The position Pendlay speaks of is that split second just before the second pull. The bar should be directly over the heels with the knees in front of the bar and the shoulders behind it — this is the best position for exerting maximum power to drive the bar upward. “What often happens is that people are still leaning over the bar or their weight’s on their forefoot instead of being on the heel,” Pendlay says. “The deeper the bar is, the more force you’re going to be able to produce. So that’s the position we’re looking for at the very top of our initial pull. We want that bar right over our heel.”

Start with your shoulders directly over the bar when it’s on the floor. “I don’t coach people to have their butt in a certain place because it depends on body type,” Pendlay says. “If you stand over the bar with the bar in front of your shins and you squat down until your shoulders are directly over the bar, your butt will be in the right place. Your knees should be out in front of the bar, and the shins are going to be angled. The arms are hanging straight down to the outside of the knees, and your butt is where it is, which for most people will be lower than what feels natural.”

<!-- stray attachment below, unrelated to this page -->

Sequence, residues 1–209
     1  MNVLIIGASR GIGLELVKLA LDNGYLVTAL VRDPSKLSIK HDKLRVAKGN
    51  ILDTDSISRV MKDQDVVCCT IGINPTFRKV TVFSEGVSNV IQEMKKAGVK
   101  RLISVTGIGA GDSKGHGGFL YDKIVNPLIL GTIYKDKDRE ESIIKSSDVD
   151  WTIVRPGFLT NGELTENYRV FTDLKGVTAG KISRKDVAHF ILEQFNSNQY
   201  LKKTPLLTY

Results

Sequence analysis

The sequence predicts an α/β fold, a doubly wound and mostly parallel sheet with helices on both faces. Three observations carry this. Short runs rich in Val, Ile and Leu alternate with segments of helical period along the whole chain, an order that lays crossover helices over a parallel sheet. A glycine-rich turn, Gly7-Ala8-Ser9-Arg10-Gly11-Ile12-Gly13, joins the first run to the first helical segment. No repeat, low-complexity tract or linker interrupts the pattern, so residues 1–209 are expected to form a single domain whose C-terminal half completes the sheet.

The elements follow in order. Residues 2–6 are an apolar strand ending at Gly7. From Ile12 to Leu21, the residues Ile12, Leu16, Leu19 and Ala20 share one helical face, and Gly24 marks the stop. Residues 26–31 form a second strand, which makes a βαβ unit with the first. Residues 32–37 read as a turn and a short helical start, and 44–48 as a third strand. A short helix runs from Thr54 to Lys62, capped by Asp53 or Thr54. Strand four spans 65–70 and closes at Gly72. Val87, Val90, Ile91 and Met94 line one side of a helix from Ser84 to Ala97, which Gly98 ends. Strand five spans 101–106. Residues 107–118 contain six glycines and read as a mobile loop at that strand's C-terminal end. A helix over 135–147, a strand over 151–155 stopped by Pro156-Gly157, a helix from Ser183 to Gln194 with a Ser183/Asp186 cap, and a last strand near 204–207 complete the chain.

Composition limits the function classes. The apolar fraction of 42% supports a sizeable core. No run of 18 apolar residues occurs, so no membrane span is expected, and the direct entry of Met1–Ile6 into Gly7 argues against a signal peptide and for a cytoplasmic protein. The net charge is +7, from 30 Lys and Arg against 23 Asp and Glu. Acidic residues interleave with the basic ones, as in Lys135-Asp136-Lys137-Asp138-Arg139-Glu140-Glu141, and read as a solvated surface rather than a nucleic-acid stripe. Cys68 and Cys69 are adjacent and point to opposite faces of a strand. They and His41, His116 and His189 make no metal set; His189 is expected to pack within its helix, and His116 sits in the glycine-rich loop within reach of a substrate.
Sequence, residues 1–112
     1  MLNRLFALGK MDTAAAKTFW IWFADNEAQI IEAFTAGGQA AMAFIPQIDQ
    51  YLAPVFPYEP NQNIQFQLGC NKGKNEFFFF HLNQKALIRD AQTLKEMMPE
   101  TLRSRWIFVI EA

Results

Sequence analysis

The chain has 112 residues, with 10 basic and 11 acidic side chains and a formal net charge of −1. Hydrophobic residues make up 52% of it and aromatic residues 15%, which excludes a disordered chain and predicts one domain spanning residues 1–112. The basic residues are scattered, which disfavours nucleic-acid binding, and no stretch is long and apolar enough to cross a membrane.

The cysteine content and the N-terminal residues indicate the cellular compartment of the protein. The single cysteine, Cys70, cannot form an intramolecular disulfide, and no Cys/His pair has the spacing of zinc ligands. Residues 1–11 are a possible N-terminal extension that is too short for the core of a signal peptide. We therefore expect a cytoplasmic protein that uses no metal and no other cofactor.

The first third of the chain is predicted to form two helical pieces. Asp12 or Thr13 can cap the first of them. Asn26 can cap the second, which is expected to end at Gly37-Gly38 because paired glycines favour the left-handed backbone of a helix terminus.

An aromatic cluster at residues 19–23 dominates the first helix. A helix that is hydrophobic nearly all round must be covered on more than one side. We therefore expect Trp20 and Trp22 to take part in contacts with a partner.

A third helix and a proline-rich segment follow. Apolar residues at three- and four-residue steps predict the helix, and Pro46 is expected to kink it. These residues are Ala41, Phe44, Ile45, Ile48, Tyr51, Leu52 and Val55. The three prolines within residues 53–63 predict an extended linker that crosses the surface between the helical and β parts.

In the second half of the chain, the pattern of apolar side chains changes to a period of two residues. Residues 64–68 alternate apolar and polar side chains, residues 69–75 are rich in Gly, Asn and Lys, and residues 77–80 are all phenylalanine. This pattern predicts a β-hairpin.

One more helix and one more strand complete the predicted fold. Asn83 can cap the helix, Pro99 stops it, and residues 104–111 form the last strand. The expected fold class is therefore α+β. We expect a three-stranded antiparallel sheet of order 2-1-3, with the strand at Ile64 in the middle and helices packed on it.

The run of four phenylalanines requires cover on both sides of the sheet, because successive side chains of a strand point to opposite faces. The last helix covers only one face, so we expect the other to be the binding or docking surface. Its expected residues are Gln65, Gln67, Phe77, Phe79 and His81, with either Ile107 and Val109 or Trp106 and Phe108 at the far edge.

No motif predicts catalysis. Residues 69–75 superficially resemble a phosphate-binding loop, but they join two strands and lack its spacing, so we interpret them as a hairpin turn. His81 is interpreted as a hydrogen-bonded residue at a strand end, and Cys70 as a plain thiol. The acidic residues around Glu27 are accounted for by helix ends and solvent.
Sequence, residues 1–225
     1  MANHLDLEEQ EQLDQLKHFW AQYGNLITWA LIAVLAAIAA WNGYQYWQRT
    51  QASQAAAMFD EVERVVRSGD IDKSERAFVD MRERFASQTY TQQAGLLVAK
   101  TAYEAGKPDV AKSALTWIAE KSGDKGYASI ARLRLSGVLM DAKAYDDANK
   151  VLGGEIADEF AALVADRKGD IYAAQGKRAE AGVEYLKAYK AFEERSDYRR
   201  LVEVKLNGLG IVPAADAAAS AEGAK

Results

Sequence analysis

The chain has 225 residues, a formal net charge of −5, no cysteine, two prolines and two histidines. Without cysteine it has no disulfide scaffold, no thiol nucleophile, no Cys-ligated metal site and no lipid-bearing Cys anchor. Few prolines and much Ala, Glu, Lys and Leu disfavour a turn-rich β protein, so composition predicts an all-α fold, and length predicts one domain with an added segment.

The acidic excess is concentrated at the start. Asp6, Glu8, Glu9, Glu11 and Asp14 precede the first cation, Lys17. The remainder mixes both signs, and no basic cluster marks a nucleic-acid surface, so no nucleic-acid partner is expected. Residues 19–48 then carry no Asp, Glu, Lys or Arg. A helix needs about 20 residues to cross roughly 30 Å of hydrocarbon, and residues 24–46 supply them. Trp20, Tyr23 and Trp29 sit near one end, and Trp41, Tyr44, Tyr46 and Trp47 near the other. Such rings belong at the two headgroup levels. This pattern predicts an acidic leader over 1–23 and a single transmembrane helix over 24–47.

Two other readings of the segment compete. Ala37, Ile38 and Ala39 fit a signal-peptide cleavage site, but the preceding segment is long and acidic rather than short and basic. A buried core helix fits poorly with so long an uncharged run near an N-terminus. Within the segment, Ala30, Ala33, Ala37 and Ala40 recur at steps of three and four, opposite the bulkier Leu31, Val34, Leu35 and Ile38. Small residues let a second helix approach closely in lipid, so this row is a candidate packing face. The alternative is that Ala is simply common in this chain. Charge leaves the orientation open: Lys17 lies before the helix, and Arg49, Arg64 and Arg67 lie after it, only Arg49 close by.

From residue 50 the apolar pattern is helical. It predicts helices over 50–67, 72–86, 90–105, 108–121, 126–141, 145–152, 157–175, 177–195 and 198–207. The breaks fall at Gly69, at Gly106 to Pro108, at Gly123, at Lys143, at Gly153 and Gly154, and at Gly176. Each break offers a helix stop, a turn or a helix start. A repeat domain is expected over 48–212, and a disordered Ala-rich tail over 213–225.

From here, the line of pull is crucial. The bar should come back toward you because this is the only way to achieve the ideal position for the second pull, where the bar is over your heels.

“What we don’t want to happen is for the bar to come forward,” Pendlay says. “Because if it swings forward, how are we going to have a strong position at the hip?

“What a lot of people will do is, they instinctively go to a position where they think they can pull the hardest, which would be with the butt a little higher. And sure, they can pull hard from the floor up to the midthigh, but in doing so, they get the bar out of position so they can’t exert maximum force at the top of the pull. If you only have 50 kilograms on the bar, you can do anything with it. But with 150 kilos, you can’t do that anymore. Once the bar gets really heavy, you have to have the laws of physics on your side instead of overcoming the laws of physics via muscular force.”


Pendlay Point 2

Get Under The Bar ASAP

Dropping underneath a bar for either of the Olympic lifts can be a daunting task, so common sense tells you to pull the bar up as high as possible before squatting down to catch it. But in reality, the longer you wait to drop, the more difficult the catch will be.